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About Zygote

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  • Birthday June 13

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  • Location
    Northern California
  1. I completely see the point in your question. It's a smart craftsman should always have several answers to common problems. I haunt different potters kilns as often as I can and it's forced me to get into the habit of using wadding in all cases, even in my own cone 6 electric. No problem. By mixing up a small batch and keeping it wrapped up and in tupperware is keeps just fine for months. As far as cost goes, it's cheap, less than 3 bucks a batch and it will save hundreds of dollars worth of work from becoming worthless. Well worth the effort and cost. Ceramic Arts Daily has an article with a tried and tested wadding recipe that works great and knocks off easily. Here's the link... The only difference is that I don't prefire the wads like they do in the article, just use it like normal wads and call it good.
  2. Thanks for the Wiki BlogRoll Link. I'm off the put that one to work right now.
  3. My studio thrives on repeat customers. For me, using a loss leader helps establish a connection with new customers and puts a tangible item in their hands. After the first transaction, customers usually feel safe with investing in larger purchases.
  4. I know blue works. I use it for both wax and glazes
  5. Zygote

    Your blog is wonderful!

  6. I know a lot of you are like me... I love pawing through ceramics blogs first thing every morning. If you have 'em...it's time to share. Time to start The Blogger's Roll Call... Zygote at http://fetishghost.blogspot.com/
  7. My current studio kiln is an old Paragon . It's a 240 single phase DK 1029-2 rated to cone 8, but it'd be hard pressed to get to cone 8 now a days. There aren't any special bells and whistles on this beast. No computer controller or kiln vents, just a kiln sitter and 3 knobs, each controlling a separate bank of elements. I fire this old work horse 3 or 4 times a month to bisque and cone 6. Other than replacing a few rouge elements and the kiln sitter, it's been a very dependable kiln.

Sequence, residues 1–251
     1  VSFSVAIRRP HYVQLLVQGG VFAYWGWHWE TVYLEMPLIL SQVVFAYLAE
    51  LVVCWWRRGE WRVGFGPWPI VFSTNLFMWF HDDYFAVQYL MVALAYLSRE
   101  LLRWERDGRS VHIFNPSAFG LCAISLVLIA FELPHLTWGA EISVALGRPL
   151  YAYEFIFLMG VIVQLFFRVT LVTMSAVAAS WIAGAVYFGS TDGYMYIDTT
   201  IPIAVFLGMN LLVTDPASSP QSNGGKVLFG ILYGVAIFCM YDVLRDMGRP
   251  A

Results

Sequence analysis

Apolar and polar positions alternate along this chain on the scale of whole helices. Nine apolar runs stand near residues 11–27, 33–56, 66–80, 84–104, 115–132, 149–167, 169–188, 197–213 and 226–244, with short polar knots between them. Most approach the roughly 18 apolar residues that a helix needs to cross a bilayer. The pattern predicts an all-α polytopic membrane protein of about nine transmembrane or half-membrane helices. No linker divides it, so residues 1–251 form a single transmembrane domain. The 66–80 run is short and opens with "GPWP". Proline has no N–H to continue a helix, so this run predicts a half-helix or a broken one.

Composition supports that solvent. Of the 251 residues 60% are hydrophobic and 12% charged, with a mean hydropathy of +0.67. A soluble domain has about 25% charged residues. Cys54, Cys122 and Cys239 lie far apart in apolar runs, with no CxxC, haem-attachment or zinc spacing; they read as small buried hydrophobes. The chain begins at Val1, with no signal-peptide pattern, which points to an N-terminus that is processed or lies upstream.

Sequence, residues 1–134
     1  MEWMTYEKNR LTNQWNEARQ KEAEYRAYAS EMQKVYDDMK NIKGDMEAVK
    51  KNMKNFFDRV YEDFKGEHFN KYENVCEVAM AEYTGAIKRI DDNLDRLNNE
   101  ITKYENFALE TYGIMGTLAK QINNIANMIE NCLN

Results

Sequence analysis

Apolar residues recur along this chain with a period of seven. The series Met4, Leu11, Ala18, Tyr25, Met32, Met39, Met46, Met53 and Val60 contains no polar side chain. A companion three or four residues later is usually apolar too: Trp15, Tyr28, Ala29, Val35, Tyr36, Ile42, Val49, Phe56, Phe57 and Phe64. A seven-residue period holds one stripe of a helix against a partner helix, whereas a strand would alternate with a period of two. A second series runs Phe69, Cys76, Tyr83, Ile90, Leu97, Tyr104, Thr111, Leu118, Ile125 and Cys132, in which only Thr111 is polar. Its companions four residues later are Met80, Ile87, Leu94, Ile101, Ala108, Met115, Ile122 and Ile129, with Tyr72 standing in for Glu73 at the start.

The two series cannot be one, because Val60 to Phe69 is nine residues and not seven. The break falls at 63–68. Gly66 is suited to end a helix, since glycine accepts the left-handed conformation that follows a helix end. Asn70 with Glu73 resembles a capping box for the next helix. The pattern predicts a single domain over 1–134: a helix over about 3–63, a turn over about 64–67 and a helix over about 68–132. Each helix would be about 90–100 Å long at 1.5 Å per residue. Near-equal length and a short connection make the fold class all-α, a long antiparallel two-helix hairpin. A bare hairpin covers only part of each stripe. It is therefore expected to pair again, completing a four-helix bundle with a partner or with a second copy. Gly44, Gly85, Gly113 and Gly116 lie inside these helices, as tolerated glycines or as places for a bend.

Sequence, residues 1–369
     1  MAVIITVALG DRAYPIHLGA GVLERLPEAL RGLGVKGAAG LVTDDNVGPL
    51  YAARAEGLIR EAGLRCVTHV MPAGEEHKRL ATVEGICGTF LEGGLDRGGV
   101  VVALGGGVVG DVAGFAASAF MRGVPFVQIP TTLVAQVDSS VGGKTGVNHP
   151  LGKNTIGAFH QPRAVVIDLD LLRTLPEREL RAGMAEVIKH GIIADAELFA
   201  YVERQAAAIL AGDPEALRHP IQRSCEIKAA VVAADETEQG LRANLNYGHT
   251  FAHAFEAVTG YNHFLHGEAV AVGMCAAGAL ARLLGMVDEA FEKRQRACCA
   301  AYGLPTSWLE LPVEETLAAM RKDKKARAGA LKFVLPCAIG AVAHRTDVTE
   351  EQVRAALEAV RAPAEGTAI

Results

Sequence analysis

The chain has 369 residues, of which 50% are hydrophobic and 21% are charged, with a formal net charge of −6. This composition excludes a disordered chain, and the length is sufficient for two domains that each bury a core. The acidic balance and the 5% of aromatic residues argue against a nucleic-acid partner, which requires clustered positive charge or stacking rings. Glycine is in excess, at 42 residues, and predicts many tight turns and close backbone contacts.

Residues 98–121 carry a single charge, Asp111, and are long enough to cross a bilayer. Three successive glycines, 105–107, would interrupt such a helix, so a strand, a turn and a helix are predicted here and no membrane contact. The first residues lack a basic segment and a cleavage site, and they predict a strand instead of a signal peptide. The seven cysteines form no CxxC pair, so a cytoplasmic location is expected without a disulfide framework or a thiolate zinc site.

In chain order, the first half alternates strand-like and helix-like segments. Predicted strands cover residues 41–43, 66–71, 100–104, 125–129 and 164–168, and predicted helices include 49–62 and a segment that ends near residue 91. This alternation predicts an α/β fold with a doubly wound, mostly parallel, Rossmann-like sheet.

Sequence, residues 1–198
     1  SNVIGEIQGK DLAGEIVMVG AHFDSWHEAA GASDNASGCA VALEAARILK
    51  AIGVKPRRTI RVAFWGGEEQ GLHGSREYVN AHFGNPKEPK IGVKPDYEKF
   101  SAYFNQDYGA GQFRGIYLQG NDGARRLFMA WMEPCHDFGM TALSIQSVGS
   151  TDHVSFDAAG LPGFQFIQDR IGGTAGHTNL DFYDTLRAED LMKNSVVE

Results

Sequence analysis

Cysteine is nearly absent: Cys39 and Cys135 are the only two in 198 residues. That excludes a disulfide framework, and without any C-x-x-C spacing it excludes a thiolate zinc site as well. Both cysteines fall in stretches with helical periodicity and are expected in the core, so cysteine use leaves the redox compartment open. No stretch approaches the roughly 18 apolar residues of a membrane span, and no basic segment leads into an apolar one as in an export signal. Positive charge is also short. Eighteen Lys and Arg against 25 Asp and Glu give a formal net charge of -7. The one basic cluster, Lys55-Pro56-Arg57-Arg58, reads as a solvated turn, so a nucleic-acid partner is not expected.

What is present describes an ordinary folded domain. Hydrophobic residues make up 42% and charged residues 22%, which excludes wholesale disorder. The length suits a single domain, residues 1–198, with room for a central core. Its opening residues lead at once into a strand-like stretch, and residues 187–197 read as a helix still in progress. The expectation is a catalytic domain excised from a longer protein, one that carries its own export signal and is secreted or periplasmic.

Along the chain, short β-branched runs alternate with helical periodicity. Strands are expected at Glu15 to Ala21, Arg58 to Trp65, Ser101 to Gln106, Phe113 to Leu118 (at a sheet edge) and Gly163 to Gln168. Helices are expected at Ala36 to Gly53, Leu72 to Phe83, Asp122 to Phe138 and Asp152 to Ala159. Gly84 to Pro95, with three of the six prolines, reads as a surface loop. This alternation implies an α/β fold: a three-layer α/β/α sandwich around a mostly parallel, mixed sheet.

8. So far the word is that it's a stuck relay, replacing the "infinity switch" should make the fix. Quick and easy eh?
  9. 24 hours into this weekend's bisque firing I knew something was up. This usually takes only 12 hours tops, but I still hadn't hit cone 04 yet. Thinking I might had blown and element, I checked... looking through the spy-holes, I could see a representative section from each bank of the elements glowing. Quizzed, I turned off the kiln, but the bottom bank went right on going even though the switch was turned to the off position. Run Away Kiln While I wait for the kiln to cool I'm wondering if anyone who has had this problem before can zero me in on the problem?
  10. I just checked out your web page Cris and it's great! It's lots of fun to check out and works very well at drawing you in.
  11. Zygote


    Putting the finishing touches on a cairn.
  12. Kiln vents, (aside from removing lots of nasty stuff from your kiln room,) are particularly useful for creating that oxidation atmosphere that is your electric kiln's strength. We always play to the strengths of our kiln. For the cash... a kiln vent is totally worth the money.
  13. It's that time of year... yet again, where we have to make decisions and dive right in and see if we'll sink or swim for another season. (I'm still stuck in dog paddle mode.) I've been learning lately about "Loss Leaders" from helpful local full time potters. The weird thing is that the term "Loss Leader" apparently means different things to everyone I talked to. Artists, craftsmen, and galleries all had differing ideas regarding this... Wikipedia says: " A loss leader or leader is a product sold at a low price (at cost or below cost) to stimulate other, profitable sales. It is a kind of sales promotion, in other words marketing concentrating on a pricing strategy. The price can even be so low that the product is sold at a loss. A loss leader is often a popular article. Sometimes leader is now used as as a related term and means any popular article, in other words one sold at a normal price. For some of us in the arts, this can simply be a product or design that effectively raises our heads above the crowd. This can be something that brings people into your booth, or pull someone to walk into the gallery, or something that simply generates enough revenue to keep the ball rolling. Over the past year, I've used stenciled yunomi and chawans to bring in new clients and consistently fund the next kiln load of work. This has been my loss leader... Creating these works are very time intensive, but so far seems to be working. I'm selling works and keeping the kilns firing while I continue growing. What's your loss leader for this spring? We all love pictures! (Hint, Hint, Wink, Wink...)
  14. Hey Joel! Doing the same... a sort of click and run and see what takes off.

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